DrugLib.com — Drug Information Portal

Rx drug information, pharmaceutical research, clinical trials, news, and more

Improved Induction and Maintenance Immunosuppression in Kidney Transplantation

Information source: University of Nebraska
ClinicalTrials.gov processed this data on August 20, 2015
Link to the current ClinicalTrials.gov record.

Condition(s) targeted: End-stage Renal Disease

Intervention: rabbit anti-thymocyte globulin (Drug); mycophenolate mofetil (Drug); rabbit anti-thymocyte globulin (Drug); sirolimus (Drug); tacrolimus (Drug)

Phase: Phase 4

Status: Completed

Sponsored by: R. Brian Stevens, MD

Official(s) and/or principal investigator(s):
R. Brian Stevens, MD, PhD, Study Director, Affiliation: Wright State University Boonshoft School of Medicine, Dayton, OH


This 2 x 2 sequential factorial study evaluates two potential improvements to the standard immunosuppression regimen used at the investigators' institution to prevent rejection of transplanted kidneys. These two potential improvements are each applied in sequence to half of the study patients, creating 4 study arms; the other half receive the standard treatment. The two potential improvements are: 1. Administering the immunosuppression induction agent rATG ("rabbit anti-thymocyte globulin") in a single dose at the time of transplantation, instead of in the usual series of 4 smaller doses over 6 days. 2. After 6 months, modifying the maintenance immunosuppression used to prevent rejection by replacing the drug tacrolimus with mycophenolate mofetil (MMF). The two interventions, spaced sequentially six months apart, enable independent analysis of the two treatments so long as it can be shown that there is no synergistic interaction between them.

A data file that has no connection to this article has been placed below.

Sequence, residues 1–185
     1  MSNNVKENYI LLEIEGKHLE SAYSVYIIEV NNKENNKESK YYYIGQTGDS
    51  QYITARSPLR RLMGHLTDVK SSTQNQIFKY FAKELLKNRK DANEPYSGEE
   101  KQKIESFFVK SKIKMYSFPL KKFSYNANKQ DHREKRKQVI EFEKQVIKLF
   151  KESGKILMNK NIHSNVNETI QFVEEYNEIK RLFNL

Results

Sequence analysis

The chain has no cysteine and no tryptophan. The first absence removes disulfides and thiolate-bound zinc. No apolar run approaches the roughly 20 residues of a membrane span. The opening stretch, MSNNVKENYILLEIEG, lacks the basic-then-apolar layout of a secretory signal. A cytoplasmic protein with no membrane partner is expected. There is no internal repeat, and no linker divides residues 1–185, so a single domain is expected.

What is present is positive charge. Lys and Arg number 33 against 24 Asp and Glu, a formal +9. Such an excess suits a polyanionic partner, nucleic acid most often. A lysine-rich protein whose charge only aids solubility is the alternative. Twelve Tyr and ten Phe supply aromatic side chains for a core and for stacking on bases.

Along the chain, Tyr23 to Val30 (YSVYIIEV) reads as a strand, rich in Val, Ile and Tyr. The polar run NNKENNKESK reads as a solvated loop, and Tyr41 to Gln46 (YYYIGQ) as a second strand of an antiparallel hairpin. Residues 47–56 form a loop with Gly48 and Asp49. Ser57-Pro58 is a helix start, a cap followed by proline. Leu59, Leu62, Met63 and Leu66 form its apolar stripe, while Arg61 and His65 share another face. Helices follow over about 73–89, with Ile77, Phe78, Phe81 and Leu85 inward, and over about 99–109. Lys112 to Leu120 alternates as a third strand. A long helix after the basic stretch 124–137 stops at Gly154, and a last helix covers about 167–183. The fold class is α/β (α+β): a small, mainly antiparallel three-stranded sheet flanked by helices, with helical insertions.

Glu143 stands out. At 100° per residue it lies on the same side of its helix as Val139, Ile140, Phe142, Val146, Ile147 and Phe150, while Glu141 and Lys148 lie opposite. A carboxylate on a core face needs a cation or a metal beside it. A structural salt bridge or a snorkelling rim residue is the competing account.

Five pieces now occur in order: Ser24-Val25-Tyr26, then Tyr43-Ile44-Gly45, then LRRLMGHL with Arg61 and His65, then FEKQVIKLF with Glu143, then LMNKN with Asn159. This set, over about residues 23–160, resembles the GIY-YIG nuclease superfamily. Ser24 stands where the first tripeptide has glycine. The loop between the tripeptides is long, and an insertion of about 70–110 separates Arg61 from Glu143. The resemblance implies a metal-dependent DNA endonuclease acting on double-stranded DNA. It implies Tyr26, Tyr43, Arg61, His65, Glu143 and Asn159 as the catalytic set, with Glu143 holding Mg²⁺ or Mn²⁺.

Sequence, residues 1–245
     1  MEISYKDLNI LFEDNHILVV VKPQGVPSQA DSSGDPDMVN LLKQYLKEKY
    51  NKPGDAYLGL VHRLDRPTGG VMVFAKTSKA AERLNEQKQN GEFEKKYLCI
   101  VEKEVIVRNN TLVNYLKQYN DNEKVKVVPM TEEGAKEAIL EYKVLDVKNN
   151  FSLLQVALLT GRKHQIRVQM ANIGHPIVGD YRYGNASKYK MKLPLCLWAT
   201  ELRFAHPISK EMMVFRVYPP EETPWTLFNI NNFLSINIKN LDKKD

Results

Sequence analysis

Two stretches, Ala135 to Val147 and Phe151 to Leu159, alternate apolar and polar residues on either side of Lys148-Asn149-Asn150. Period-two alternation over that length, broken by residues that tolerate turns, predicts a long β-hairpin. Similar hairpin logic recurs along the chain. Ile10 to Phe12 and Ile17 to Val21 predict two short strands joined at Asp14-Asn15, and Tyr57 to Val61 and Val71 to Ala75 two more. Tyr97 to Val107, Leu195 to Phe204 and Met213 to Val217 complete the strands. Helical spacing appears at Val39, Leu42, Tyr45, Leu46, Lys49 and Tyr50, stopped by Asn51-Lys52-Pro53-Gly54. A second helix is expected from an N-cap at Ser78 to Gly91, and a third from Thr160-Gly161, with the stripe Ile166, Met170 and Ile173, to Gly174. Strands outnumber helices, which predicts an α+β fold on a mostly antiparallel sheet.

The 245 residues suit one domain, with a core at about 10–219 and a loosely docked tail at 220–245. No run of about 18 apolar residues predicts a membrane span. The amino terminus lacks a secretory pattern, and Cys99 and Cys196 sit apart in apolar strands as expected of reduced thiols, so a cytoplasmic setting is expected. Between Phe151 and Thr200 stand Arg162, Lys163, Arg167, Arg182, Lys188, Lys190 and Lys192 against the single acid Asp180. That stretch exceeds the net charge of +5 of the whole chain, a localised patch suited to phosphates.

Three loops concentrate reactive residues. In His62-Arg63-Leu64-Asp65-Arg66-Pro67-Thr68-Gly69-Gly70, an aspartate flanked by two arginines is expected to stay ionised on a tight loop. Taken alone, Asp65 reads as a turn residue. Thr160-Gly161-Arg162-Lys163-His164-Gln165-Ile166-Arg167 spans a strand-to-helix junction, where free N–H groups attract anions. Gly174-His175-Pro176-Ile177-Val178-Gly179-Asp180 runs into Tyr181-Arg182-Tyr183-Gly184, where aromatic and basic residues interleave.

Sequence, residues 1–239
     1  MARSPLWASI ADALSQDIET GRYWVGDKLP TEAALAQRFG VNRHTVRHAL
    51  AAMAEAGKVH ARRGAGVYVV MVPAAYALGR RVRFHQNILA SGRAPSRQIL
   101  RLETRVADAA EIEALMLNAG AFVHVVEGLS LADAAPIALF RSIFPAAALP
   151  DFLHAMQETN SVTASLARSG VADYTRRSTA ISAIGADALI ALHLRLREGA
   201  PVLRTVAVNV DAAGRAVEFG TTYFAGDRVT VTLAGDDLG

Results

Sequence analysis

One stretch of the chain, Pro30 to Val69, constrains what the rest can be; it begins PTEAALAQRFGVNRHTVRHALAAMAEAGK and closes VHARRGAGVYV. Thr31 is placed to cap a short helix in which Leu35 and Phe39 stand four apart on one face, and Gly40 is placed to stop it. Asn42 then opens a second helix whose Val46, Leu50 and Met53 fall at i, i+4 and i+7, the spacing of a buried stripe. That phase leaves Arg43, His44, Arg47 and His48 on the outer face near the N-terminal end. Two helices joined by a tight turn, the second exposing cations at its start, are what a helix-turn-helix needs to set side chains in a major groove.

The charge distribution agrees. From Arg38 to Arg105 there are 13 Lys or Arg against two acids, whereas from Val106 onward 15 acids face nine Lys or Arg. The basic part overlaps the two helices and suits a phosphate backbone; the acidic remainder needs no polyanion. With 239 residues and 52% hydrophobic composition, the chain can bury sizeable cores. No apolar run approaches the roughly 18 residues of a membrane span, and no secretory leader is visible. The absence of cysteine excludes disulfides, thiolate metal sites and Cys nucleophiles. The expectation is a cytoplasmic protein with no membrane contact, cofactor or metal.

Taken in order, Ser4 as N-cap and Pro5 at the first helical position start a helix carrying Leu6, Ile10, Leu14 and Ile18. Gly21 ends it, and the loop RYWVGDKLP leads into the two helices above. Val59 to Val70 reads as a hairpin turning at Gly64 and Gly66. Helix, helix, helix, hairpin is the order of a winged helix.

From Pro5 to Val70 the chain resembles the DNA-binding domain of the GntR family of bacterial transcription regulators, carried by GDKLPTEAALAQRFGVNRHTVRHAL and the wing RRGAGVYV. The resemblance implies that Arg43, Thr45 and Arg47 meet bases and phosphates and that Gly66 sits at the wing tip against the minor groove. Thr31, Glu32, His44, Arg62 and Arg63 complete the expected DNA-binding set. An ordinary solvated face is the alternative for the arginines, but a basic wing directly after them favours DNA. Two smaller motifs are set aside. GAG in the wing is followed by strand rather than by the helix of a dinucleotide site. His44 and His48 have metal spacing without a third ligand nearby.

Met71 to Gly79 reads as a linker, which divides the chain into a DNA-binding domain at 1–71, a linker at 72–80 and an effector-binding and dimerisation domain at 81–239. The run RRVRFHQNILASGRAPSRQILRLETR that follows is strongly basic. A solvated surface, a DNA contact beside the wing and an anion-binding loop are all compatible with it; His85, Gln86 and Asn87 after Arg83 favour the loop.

Clinical Details

Official title: Prospective, Randomized 2 x 2 Factorial Trial of Rabbit Anti-thymocyte Globulin Induction (Single vs. Alternate Day Administration) at Renal Transplantation, With Delayed Calcineurin-inhibitor Withdrawal vs. Minimization

Study design: Allocation: Randomized, Endpoint Classification: Safety/Efficacy Study, Intervention Model: Factorial Assignment, Masking: Open Label, Primary Purpose: Treatment

Primary outcome:

Chronic Allograft Nephropathy (Cumulative Calcineurin-inhibitor Nephrotoxicity/Transplant Nephropathy) Per Protocol Surveillance Kidney Biopsies (Banff Grading Criteria).

Average of Renal Function

Secondary outcome:

Safety Profile

Requirement for Additional Immunosuppression (Such as Corticosteroids, Antimetabolites or Other Immunosuppressive Agents)

Acute Rejection Per Kidney Biopsy (Banff Grading Criteria)

Acute Tubular Necrosis (ATN) Rate, Defined as the Requirement for Dialysis Within 7 Days Post-transplantation.

Graft Survival

Patient Survival

Lymphoid Cell Sub-type CD3 Absolute Numbers

New-onset Polyomavirus (BK Virus) Disease Per Kidney Biopsy

New-onset Diabetes and Hyperglycemia After Transplantation (NODAT)

Ratio of CD4/CD8 Lymphoid Cells